Does your new puppy ignore you when you call his name? Have you adopted a dog from a shelter or rescue and want to teach him a new name? Maybe you’ve had your dog for awhile and he seems to have selective hearing when you try to get his attention. Earlier this week I posted an article about how to find the perfect name for your dog, so now we’re following up with how to teach a dog its name.
The goal in teaching your dog his name is to not just have your dog learn to recognize his name, but learn to respond to his name. By respond, I mean immediately stop whatever he’s doing and look at you for direction. Dogs with selective hearing will respond when they feel like it, but the goal is to have him respond reliably every time. A reliable dog is a joy to live with and you’ll have the peace of mind that you can recall your dog if he’s headed into a dangerous situation one day. Squirrel chasing into traffic or jumping into unsafe waters come to mind.
Another reason to teach your dog his name is you’ll use his name to get his attention before issuing a command. Since it’s nearly impossible to teach new commands or train when you don’t have a dog’s attention, the process will be much easier once your pup knows his name. Alright, let’s get started!
Teaching a Dog Its NameStart with some tasty treats when your dog is calm and you have his attention.
Say your dog’s name with an animated or excited tone of voice.
When your puppy looks at you, say “Yes!” or “Good!” and immediately give him a treat.
Repeat this process 6-8 times in several sessions a day.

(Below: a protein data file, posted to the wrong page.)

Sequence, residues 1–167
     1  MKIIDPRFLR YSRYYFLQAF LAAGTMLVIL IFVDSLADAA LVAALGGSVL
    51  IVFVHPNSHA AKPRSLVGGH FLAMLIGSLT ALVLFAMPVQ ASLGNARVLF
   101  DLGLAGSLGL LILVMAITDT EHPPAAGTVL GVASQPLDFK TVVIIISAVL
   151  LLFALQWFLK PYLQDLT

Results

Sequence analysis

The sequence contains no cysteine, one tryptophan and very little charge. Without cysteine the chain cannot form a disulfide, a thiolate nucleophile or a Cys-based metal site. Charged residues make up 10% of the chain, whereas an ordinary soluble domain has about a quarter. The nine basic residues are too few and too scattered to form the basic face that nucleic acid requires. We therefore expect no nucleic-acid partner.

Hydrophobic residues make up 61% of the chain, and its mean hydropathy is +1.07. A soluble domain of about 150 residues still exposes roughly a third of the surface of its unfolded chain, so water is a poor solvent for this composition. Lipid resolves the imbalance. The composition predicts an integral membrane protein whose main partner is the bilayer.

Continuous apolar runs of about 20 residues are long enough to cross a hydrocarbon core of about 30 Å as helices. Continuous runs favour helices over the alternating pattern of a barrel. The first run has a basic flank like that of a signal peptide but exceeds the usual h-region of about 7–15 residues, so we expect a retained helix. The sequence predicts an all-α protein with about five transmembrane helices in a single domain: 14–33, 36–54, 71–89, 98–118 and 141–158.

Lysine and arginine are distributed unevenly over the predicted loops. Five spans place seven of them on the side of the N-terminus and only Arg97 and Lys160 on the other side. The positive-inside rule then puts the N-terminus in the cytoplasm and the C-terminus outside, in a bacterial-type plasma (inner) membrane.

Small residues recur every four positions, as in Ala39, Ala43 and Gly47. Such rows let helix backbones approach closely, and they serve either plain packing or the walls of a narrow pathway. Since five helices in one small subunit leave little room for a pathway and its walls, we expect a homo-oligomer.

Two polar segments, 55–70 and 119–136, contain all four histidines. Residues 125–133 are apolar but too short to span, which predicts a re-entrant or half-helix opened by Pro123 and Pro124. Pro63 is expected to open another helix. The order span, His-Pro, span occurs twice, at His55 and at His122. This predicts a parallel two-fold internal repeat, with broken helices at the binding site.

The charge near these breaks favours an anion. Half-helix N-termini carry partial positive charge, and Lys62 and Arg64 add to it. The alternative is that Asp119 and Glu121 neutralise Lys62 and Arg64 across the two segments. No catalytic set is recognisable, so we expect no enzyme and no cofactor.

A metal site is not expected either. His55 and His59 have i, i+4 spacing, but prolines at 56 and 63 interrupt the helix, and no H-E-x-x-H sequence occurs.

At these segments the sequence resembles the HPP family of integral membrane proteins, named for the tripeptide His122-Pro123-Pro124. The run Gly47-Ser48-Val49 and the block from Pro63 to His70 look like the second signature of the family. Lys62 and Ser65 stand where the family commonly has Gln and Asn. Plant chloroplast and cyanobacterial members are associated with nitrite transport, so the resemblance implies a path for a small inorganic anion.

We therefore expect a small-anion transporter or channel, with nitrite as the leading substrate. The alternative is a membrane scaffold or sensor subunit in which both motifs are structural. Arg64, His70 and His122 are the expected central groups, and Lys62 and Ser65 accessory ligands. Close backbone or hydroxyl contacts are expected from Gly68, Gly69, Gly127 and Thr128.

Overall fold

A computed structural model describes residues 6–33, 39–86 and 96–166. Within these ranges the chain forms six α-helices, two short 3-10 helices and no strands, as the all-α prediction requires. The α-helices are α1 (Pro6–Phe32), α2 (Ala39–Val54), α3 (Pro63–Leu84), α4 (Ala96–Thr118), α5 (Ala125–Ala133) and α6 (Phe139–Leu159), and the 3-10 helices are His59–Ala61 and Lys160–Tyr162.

Your dog will begin to associate his name with good things happening (he gets a treat).
Need some tips?
Build on your dog’s success!Once your dog begins to look at you when you say his name, repeat the exercise in different locations around the house and outside. Next, begin calling his name when his attention is not on you or when he’s slightly distracted. As your dog progresses, try waiting a second or two before giving the treat to see if you can hold his attention a little longer. Once Haley knew her name, I started occasionally whispering her name to her in an excited tone before I would give her something really great, like a special treat or toy. She learned pretty quickly to snap to attention when she heard me whisper her name. This was a fun way of fine tuning her listening skills and teaching her to respond to a quiet tone of voice.
Eventually you will phase out the treats, but an occasional surprise treat when your dog listens well is a great way to keep them attentive and interested in listening. Keep it fun, exciting and positive when you call your dog’s name and you’ll be rewarded with a best friend that always listens to you. How well does your dog respond to his name? Do you have any tips on how to teach a dog it’s name?